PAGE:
x_moonshine_x: (narnia ♥ p/c epic times)
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Title: When the Lights Begin to Fade (2/10).
Author: [livejournal.com profile] cloudysky.
Fandom: Chronicles of Narnia.
Pairing: Ben Barnes/William Moseley.
Rating: R.
Warnings: Real person slash.
Word count: 2,538.
Summary: What happens when the bright lights of fame begin to fade? What are you really left with? One minute you’re living in the lap of luxury, and the next, you’re living out of a suitcase and sleeping on your parents couch because they were certain you were never coming back. It’s time for a reality check. Sometimes slotting back into the real world is even harder than you think it’s going to be. When fame no longer comes knocking, it’s time to figure out what really matters. And it’s never what you expect.
Previous Parts: Here.

When the Lights Begin to Fade


Oxford Street in mid January, it was Ben’s worst nightmare. Yet, here he was, traipsing the length and breadth of it, list firmly in hand.

He had made the mistake of mentioning in passing to Kayla, Jack’s fiancée, that he didn’t have all that much to do at the moment and had been sitting around a lot. It seemed he’d been playing right into her hands by saying that though and the seconds he did, she’d been on him like a rabid dog, waving a ridiculously long list in front of his face, insisting he help out with things that still needed doing for the wedding if he was bored.

Right now he was on the hunt for the small patisserie who were going to be in charge of making Jack and Kayla’s wedding cake (amongst other things). He’d been directed firstly to Oxford Circus, then to turn left down Oxford Street, take the next right, followed by a left, another left, and then finally the second right. It should have been straight in front of him, but that would have been too easy of course. He wasn’t having much luck so far and this was the third time he’d been forced to walk back to Oxford Street and start all over again.

Some days he really, really hated London.

‘OK,’ Ben said softly to himself. ‘Let’s try this again.’

Bringing the map up in front of his face, eyebrows knitting together in confusion as he scrutinised it, he began to slowly make his way down the street he presumed was the correct one.

He was sure he’d been down here once before, but what the hell!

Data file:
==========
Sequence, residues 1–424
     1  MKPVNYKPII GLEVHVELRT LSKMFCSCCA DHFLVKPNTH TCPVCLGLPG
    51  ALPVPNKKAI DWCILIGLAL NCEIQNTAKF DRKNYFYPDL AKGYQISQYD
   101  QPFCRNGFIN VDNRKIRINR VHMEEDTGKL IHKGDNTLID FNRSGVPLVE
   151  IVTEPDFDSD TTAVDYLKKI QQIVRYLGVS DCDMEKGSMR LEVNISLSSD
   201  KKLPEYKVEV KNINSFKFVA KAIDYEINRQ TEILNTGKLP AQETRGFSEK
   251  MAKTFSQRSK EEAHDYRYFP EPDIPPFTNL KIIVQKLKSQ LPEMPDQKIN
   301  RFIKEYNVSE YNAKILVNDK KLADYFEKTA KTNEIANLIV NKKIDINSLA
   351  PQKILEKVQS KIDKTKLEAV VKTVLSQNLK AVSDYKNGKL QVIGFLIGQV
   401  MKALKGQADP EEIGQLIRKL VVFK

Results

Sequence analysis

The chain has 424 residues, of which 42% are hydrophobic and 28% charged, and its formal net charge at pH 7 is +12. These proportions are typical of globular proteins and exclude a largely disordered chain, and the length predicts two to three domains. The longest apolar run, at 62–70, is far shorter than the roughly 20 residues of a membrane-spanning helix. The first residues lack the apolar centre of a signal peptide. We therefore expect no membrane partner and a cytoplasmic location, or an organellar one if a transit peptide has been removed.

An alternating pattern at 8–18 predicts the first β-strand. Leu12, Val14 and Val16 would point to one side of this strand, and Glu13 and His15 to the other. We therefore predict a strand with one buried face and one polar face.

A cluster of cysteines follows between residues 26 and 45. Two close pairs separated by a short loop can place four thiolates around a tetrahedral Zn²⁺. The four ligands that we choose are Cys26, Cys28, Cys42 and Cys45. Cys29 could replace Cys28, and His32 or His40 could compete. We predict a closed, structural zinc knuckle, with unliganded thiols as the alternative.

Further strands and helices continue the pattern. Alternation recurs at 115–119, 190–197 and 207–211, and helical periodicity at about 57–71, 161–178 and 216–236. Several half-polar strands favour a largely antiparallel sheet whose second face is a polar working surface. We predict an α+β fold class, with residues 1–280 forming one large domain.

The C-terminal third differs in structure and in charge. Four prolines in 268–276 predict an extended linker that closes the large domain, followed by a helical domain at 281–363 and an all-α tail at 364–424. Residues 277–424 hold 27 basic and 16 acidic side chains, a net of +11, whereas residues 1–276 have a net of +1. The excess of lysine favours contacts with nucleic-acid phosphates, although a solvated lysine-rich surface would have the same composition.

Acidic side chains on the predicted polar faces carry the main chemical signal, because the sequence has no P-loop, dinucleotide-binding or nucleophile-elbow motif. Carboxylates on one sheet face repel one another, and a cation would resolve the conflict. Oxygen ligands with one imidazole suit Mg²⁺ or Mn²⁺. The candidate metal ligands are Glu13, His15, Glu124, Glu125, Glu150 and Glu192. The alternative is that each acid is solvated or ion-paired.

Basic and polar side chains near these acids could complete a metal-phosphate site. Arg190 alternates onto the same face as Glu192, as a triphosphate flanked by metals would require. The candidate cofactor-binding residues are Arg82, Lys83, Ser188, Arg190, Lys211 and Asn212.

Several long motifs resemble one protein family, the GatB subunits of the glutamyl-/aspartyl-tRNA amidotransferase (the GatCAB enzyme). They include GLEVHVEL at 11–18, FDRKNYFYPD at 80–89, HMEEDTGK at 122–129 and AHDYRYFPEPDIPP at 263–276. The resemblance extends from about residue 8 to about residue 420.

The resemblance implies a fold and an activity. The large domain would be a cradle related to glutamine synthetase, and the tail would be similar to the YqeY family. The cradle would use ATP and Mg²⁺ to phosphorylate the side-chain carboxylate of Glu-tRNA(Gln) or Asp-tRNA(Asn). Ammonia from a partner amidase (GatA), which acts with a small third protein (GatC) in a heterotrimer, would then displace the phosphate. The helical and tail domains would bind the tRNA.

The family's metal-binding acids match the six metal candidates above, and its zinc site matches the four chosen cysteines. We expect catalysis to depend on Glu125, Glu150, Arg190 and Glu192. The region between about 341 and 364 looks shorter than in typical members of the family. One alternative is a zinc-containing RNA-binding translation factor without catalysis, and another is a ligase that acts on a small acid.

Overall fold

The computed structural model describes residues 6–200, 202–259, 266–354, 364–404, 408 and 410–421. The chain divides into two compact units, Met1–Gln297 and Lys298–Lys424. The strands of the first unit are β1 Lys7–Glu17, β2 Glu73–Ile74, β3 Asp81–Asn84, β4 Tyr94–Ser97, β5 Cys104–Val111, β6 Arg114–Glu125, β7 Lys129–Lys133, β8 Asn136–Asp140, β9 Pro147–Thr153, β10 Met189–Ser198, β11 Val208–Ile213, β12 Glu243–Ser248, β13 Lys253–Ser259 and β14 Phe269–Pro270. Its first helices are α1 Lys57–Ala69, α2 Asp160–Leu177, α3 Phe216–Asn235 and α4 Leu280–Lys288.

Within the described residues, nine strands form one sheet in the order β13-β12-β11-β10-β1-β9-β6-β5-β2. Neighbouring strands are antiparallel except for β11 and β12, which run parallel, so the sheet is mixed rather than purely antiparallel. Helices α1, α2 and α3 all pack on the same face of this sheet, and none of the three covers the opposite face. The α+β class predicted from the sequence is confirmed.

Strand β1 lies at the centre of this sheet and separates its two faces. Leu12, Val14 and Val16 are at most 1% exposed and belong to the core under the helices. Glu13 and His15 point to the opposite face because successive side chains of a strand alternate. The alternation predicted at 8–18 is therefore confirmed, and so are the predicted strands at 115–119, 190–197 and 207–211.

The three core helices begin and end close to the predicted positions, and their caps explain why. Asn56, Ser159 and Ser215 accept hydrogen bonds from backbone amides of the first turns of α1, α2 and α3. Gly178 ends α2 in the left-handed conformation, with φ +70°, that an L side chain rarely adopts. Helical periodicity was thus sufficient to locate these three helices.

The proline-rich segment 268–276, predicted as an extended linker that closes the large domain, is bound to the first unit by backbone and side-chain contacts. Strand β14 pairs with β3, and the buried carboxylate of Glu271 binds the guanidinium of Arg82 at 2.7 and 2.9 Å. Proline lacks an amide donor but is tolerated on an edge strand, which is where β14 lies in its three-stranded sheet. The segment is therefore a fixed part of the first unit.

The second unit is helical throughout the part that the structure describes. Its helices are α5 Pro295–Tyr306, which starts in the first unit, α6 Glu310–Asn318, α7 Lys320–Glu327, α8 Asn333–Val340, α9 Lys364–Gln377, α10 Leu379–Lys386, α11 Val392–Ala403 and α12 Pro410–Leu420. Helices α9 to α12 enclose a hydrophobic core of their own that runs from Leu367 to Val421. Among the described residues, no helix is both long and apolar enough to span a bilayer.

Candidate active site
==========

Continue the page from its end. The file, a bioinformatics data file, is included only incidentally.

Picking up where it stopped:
Twenty minutes later and he was back on Oxford Circus, map screwed up into a ball and shoved forcefully into his jacket pocket. It was no good, he needed coffee before he tried again, he was getting absolutely nowhere here. Hopefully a caffeine hit would help.

Ben set off down Regent Street, pace ample and Starbucks firmly in his sights. Well, firmly in his thoughts at least, he had a bit of a walk before he got there, but anything to get out of the cold.

He’d just passed the entrance to Hamley’s when he felt someone’s hand touch his shoulder, a gentle tap tap that knocked him from his reverie. He took a moment, mentally preparing himself to turn around and come face-to-face with an old fan from years back, but instead, found himself staring at someone he hadn’t seen for an awful long time. In fact, he couldn’t even remember how long it had been.

‘Thought it was you.’ The man stood in front of him laughed very softly, his pale eyes lighting up as he held out a hand in greeting.

Ben said nothing; instead he shook his head in disbelief and dived forward to embrace the other man in a hug, ignoring the polite gesture. He felt absolutely bloody ridiculous, but he didn’t want to let go for anything right now. William Moseley, an old co-star, an almost forgotten friend. But not anymore, it didn’t matter how long it had been since they’d seen each other, Ben would have recognised that smile anywhere.

He decided not to mention the hair, which Will still had no idea what he was doing with... apparently.

When he finally forced himself to break away from the hug, Ben managed nothing but an awkward laugh as he said, ‘Hollywood looks good on you, Will.’

‘Yeah?’ Will smiled, clearly embarrassed as he idly adjusted the scarf around his neck. ‘Thanks.’

Ben hesitated, hands going to his pockets for something to do. ‘It’s been a while,’ he said. ‘When was the last time I saw you?’

‘I don’t know, five years maybe, give or take six months.’ Shrugging his shoulders, Will glanced very briefly over his shoulder, smiled, and then a moment later, a small child appeared beside him. The young boy smiled, pulling on Will’s sleeve, his blue eyes twinkling. Will, however, failed to notice and continued talking, ‘I’m back in the country now though, for good. We’ll have to catch up sometime, get a coffee, a beer, whatever you fancy.’

‘Great,’ Ben responded, although his attention was now firmly fixed upon the young boy clinging onto Will’s leg. There was absolutely no doubt that this boy was looking as confused as Ben felt. ‘I’m sure there’s plenty to catch up on...’ he added.